050820 Salt shaken 2/2 by Glenn Cardwell
Salt on the wane
When I tell people that the most dangerous food additive they are likely to eat is salt they get really disappointed because they expect me to say an artificial sweetener or flavour, neither of which probably has any effect on their health. Salt is off the radar; no-one cares about salt.
It’s easy to tell people to stop sprinkling salt on their meals, but in reality this does little to reduce overall salt intake as 80% of the salt in the diet has been put there by food manufacturers.
At the Public Health Association of Australia annual conference recently in Canberra, we were told that the Heart Foundation’s tick program has reduced salt levels by 12% on average in foods with the tick. Kelloggs’ 12 most popular cereals have dropped their sodium by 40% on average. For example, the Cornflakes people ate in the 1980s had one and a half times more salt than the Cornflakes today. Yikes!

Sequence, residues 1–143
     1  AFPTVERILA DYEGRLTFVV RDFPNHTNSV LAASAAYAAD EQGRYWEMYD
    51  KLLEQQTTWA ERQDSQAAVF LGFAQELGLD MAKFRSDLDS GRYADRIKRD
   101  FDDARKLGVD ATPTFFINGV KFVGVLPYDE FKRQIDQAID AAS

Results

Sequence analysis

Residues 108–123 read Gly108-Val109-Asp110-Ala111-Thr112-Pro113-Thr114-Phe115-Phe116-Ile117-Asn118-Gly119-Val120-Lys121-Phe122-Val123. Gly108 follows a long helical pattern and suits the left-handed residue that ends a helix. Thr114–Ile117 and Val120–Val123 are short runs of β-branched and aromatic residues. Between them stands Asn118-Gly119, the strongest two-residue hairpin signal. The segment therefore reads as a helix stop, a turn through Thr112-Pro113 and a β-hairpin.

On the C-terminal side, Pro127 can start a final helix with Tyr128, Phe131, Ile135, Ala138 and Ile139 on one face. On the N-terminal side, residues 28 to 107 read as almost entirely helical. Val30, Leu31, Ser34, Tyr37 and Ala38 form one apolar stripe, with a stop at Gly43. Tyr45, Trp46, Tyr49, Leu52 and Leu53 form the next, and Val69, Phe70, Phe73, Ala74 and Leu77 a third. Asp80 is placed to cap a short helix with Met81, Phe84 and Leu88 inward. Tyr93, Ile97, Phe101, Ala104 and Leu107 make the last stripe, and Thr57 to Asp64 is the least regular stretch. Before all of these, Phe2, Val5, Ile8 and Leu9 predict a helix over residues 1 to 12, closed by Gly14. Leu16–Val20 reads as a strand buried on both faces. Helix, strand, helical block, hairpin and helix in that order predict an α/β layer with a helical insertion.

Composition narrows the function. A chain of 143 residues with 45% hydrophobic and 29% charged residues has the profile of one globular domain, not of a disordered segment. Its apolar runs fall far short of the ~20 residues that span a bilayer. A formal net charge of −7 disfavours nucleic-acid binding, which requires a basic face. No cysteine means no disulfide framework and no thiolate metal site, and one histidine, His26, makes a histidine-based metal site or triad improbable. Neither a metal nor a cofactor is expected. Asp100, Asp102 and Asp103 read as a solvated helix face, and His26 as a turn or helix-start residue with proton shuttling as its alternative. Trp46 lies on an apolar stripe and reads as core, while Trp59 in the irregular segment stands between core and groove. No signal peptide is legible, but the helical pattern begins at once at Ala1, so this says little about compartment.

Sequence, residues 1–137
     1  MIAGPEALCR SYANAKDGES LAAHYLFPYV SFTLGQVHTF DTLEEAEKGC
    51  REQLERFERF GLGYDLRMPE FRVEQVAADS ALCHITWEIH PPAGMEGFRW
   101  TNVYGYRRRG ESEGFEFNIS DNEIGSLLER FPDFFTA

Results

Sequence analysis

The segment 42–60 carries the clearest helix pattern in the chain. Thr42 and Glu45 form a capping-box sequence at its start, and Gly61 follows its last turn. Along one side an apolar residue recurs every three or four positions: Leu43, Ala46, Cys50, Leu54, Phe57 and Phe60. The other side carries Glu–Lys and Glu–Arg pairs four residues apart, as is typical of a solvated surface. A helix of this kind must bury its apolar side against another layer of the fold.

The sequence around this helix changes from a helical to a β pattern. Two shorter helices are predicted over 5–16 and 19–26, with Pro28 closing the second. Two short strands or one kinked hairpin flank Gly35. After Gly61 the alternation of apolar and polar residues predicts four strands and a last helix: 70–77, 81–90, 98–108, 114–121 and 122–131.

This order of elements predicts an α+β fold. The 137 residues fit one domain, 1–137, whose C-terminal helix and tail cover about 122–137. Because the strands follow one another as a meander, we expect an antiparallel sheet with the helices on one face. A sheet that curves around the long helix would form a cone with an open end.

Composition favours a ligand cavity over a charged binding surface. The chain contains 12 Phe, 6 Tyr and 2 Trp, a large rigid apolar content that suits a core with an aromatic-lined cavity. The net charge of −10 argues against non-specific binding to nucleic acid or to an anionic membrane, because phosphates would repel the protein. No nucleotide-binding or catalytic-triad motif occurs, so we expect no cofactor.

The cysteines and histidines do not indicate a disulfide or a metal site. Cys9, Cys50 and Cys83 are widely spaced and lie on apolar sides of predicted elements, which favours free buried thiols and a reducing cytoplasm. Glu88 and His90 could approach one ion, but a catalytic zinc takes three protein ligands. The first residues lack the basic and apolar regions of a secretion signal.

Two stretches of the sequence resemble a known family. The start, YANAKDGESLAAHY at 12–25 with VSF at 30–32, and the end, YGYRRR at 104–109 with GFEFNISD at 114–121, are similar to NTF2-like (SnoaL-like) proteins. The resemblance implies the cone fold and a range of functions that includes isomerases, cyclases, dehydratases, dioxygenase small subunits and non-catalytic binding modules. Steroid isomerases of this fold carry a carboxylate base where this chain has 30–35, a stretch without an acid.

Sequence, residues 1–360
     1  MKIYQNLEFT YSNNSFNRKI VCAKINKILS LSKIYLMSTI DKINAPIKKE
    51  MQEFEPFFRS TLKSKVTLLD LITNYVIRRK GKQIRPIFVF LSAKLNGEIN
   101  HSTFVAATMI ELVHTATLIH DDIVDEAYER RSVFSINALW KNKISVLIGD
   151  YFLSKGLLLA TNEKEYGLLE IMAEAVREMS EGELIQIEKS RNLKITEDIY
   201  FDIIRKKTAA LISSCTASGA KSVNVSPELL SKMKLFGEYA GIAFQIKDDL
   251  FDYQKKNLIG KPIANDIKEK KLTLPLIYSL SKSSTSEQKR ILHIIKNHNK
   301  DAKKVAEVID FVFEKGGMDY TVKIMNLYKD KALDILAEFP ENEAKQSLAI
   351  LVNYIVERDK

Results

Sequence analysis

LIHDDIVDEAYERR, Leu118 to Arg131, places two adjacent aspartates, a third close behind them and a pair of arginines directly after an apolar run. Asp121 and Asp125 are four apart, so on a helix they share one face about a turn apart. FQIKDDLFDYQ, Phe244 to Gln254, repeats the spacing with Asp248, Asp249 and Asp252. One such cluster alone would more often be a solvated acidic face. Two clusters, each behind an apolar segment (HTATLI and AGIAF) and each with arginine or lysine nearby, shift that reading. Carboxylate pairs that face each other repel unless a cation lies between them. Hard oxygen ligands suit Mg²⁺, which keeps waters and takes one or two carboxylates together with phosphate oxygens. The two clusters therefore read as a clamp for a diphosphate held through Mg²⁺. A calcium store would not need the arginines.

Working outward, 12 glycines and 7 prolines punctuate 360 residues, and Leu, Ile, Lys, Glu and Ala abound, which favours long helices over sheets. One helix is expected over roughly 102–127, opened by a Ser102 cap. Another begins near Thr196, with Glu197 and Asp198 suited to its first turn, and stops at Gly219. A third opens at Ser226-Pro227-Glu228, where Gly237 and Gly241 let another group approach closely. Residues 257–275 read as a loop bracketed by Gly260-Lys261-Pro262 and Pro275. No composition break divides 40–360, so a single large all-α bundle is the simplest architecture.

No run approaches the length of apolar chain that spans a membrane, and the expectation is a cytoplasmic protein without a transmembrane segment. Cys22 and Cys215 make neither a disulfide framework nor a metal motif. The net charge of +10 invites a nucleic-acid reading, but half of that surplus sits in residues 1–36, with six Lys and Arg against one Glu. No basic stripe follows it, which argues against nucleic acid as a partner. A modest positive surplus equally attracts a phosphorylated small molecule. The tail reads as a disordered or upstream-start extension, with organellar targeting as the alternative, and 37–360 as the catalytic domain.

By 2013 all the major bread manufacturers will reduce their salt content to a maximum of 400mg/100g. This is a significant step because bread is the main salt source in many people’s diet.
Even Smiths crisps have dropped their salt by 17% and Vegemite has gradually got less and less salt over the last two decades. I’m not suggesting that bread, crisps and Vegemite are, or will become, “low salt”, just that they have a lot less salt than before. Good to see the food industry taking a step in the right direction.
Fitness tip: Question worth its salt
Alice in Canada asked about the difference between sea salt and other salts on the market, like garlic salt, rock salt and the regular salt. There are two main differences – flavour and price. You are still getting sodium chloride, which is 40% sodium and 60% chloride, with the sodium part being the concern when we get too much. Now, I know there is plenty of hype around different versions of salt, and some may have a sprinkle of other minerals (eg magnesium); just ignore the claims and have a small amount of whatever type you choose.
Glenn Cardwell, Australias own accredited practising dietitian.